Hunting Creek History

Hunting Creek History

The Hunting Creek area used to be known as Broomilawn Point, a pleasure garden in the early 19th century for Alexandrians in search of a place to have a good time. According to a 1987 Lloyd House newsletter, the area was a place "where denizens could quaff a toddy, confabulate about local politics or enjoy a portion of ox over an open barbecue."

Broomilawn Point was a contested piece of property, owned by Mayor Robert Hooe but used by rowdy citizens. Early 19th-century copies of the Alexandria Gazette show that Hooe was upset about folks intruding on his area. Several warnings from the mayor appeared in the pages of the Gazette, culminating in an emotional ultimatum July 6, 1802.

"You have accustomed yourselves for sometime past to getting over my fences and treading down my wheat and other grain, and more especially to such as are in the habit of getting into my garden and orchard on Hunting Creek and stealing therefrom my fruit and vegetables," Hooe wrote. "I forewarn you that you will be brought to disgrace and punishment before a court of justice if you do not desist."

Hooe eventually gave in to the madding crowds, opening a tavern in Broomilawn Point. The tavern hosted some of Alexandria's most elegant gatherings, fashionable dinners and raucous dancing parties. In the 1850s, when several railroad companies were eager to build a line through Alexandria, the Manassas Gap Railroad began constructing a line to Jones Point. Workers graded a right of way south of St. Mary's Cemetery, but the project was never completed. One hundred years later, the old railroad right of way was used to construct the Capital Beltway.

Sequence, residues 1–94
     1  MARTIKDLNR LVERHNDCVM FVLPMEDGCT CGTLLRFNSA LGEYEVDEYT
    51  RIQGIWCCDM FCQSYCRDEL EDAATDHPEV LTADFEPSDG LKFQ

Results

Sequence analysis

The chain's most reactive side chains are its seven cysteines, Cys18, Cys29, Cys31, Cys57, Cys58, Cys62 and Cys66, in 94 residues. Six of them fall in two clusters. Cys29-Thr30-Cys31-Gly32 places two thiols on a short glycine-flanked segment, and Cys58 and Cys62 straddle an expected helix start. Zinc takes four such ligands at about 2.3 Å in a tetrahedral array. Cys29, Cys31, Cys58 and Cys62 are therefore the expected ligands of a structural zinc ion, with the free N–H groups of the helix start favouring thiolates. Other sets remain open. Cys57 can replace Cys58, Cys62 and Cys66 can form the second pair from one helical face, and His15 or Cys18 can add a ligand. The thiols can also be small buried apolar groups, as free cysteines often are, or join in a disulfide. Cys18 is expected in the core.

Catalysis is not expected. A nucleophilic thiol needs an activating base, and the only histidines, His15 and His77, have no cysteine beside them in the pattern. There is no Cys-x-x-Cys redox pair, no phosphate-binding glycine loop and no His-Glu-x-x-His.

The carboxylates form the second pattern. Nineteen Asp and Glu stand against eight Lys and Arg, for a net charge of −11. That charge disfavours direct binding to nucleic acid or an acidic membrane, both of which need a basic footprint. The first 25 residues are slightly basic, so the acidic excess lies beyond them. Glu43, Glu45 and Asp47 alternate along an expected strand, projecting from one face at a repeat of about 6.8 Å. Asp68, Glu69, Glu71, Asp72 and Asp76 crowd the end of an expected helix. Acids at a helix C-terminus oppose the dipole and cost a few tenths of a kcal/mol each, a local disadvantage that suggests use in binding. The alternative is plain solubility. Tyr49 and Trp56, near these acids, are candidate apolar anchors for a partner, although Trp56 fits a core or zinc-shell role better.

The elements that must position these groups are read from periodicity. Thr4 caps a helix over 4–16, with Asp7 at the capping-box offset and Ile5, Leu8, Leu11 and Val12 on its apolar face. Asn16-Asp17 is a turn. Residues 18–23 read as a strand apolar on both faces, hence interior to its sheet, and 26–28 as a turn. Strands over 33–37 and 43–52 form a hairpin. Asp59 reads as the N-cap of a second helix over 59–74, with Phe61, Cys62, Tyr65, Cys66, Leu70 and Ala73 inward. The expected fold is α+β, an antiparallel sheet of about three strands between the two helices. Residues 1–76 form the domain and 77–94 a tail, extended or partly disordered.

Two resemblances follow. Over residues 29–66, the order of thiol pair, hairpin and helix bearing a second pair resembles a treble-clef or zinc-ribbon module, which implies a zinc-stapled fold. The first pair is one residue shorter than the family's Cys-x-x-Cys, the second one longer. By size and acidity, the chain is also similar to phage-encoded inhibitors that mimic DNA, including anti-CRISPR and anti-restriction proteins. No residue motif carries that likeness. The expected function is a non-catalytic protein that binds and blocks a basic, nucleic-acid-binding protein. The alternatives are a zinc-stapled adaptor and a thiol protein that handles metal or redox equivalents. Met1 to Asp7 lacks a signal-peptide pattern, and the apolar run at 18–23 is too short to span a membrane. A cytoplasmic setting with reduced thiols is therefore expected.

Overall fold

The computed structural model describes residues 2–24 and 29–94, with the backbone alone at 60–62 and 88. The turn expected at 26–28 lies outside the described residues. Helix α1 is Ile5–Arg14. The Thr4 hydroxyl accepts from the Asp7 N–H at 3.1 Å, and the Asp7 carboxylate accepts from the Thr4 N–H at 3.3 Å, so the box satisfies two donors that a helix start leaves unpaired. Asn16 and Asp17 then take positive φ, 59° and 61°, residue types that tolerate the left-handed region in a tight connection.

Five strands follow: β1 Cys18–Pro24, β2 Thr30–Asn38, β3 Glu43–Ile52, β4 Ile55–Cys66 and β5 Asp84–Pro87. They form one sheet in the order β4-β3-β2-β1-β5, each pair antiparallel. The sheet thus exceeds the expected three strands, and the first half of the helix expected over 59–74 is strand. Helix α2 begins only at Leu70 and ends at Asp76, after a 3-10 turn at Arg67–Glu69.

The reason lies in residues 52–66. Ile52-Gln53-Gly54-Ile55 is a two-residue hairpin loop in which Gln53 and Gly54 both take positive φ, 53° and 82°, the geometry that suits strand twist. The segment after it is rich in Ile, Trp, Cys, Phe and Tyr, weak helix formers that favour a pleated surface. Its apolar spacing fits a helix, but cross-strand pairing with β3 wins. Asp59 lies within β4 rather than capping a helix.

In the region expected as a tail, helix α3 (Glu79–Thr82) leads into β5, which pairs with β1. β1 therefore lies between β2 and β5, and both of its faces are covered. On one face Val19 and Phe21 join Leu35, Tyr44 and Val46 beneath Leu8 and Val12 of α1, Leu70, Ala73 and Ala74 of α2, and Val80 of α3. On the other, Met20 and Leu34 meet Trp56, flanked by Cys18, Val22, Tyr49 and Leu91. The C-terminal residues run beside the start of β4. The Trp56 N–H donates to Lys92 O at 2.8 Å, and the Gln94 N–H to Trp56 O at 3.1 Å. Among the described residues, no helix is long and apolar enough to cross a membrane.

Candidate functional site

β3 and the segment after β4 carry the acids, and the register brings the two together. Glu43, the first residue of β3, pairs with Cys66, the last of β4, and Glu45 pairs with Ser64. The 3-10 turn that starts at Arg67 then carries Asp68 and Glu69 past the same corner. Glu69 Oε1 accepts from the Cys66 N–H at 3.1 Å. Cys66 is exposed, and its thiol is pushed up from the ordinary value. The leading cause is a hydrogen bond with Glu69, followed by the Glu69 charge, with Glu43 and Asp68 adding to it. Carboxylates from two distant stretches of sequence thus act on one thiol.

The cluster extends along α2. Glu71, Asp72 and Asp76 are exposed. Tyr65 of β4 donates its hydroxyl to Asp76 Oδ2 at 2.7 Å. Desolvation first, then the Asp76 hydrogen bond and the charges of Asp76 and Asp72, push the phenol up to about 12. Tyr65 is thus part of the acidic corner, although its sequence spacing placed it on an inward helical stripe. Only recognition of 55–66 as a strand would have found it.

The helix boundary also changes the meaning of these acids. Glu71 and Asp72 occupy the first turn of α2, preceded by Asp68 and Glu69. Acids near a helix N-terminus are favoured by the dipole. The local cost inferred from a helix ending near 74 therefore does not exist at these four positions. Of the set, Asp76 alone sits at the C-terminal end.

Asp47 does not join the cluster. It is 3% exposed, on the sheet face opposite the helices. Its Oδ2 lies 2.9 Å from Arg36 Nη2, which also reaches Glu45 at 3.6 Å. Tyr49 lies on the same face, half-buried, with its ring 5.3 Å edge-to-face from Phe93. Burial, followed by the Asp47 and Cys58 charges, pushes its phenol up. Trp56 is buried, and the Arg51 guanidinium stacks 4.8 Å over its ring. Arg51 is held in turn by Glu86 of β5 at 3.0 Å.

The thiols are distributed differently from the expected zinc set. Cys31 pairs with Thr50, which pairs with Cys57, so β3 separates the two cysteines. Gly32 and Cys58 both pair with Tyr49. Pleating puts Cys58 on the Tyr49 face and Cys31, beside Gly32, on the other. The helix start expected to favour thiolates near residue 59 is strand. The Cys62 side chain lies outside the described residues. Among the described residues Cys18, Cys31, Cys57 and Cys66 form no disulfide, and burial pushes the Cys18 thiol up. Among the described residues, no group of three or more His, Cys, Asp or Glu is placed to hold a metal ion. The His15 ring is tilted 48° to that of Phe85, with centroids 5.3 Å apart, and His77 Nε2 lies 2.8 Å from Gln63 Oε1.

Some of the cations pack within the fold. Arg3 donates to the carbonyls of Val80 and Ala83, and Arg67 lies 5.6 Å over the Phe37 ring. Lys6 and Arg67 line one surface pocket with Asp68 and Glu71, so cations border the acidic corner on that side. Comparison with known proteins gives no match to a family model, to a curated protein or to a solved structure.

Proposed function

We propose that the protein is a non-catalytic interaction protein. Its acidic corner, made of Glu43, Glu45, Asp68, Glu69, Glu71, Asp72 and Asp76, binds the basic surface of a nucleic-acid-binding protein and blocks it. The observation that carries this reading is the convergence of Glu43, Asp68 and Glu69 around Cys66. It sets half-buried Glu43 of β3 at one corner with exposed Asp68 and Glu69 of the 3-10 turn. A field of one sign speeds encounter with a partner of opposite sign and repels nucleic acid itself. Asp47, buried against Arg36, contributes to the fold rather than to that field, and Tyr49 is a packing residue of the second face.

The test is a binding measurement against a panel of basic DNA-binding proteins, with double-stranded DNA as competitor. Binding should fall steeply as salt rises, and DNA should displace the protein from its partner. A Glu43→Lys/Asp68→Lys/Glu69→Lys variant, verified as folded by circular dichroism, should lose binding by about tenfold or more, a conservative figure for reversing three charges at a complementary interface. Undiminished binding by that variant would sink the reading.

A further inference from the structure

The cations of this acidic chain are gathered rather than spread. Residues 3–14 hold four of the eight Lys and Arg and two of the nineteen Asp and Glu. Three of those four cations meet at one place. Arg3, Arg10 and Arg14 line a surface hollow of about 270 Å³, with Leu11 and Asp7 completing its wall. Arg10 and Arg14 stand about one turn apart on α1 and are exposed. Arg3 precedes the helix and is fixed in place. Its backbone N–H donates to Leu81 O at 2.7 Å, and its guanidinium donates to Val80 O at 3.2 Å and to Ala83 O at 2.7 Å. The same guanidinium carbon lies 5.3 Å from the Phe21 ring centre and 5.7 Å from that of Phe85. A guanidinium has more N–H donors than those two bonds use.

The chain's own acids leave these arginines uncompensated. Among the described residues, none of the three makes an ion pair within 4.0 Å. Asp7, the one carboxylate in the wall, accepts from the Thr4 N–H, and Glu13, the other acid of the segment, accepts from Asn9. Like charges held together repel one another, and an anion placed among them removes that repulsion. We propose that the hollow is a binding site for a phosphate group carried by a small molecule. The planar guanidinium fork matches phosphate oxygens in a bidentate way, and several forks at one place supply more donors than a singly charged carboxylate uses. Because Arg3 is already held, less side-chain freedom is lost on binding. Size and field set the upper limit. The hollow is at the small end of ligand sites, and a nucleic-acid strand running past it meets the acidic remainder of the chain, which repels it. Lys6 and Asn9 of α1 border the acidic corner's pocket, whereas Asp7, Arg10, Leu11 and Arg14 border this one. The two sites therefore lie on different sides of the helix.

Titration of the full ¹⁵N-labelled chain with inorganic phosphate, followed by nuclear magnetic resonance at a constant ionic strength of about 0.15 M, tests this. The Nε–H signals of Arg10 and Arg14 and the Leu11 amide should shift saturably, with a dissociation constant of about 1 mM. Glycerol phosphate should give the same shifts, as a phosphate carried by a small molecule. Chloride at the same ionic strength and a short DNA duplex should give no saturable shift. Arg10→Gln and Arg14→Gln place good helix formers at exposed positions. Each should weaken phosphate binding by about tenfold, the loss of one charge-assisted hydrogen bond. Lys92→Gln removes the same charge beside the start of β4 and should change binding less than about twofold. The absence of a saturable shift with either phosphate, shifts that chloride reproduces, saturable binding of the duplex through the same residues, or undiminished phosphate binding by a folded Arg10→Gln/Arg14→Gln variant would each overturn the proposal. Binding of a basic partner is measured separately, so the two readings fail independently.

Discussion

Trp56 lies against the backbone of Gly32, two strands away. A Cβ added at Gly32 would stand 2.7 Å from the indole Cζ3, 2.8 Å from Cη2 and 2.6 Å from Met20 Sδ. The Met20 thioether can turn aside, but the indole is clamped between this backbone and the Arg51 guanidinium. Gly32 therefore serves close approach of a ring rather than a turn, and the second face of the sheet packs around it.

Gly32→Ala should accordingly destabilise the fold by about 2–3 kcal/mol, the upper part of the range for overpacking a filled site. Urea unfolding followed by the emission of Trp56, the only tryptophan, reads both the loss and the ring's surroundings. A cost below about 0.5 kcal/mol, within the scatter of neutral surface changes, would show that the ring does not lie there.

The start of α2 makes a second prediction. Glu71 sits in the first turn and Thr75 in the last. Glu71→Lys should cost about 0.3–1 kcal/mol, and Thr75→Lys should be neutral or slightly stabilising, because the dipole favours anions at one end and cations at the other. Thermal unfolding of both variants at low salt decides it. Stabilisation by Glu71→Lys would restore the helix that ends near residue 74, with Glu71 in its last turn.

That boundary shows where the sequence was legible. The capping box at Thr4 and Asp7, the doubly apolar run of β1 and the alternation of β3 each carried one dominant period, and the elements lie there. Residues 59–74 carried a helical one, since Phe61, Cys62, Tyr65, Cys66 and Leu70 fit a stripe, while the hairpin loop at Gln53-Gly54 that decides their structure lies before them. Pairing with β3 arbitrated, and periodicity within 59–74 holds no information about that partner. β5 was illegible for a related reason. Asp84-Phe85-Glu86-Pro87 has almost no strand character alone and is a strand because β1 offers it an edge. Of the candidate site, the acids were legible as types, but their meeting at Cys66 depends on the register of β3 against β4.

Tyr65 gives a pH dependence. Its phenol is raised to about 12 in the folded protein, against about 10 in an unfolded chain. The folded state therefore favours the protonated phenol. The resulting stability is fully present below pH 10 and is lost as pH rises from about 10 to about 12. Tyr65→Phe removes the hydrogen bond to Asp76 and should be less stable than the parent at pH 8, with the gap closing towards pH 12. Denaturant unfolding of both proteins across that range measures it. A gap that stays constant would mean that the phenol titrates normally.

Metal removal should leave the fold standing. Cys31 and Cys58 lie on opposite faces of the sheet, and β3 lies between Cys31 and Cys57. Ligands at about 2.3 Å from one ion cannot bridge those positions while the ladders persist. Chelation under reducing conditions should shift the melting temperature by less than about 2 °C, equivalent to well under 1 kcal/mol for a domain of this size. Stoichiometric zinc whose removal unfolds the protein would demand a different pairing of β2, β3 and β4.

Generations of Alexandrians knew Broomilawn Point as a pleasure garden, but the fun stopped in the 1860s. When the city was occupied by Union forces, the townsfolk fled. The port city became a ghost town, its wharves converted to wartime production and its churches stripped bare — transformed into makeshift hospitals. The trees at Broomilawn Point were felled as Battery Rogers was constructed to protect the occupation forces.

In 1882, when a smallpox outbreak threatened the health of the city, Broomilawn Point became a quarantine area. Men, women and children succumbed to fever, chills and vomiting associated with the rapidly spreading virus. Eventually, after the outbreak succumbed, industry called.

In 1884, local businessman Peter Pulman built a brickyard on Broomilawn Point. At the height of its operation in 1896, 50 men worked for an average of $800 a week. The brickyard made 60,000 bricks a day — and most Old Town homes that were built in the late 19th century and early 20th century were built with bricks that were made here.

A fire leveled the brickyard in 1919, bringing an end to the company. Hunting Terrace was built in 1943, and Hunting Towers were built in 1950.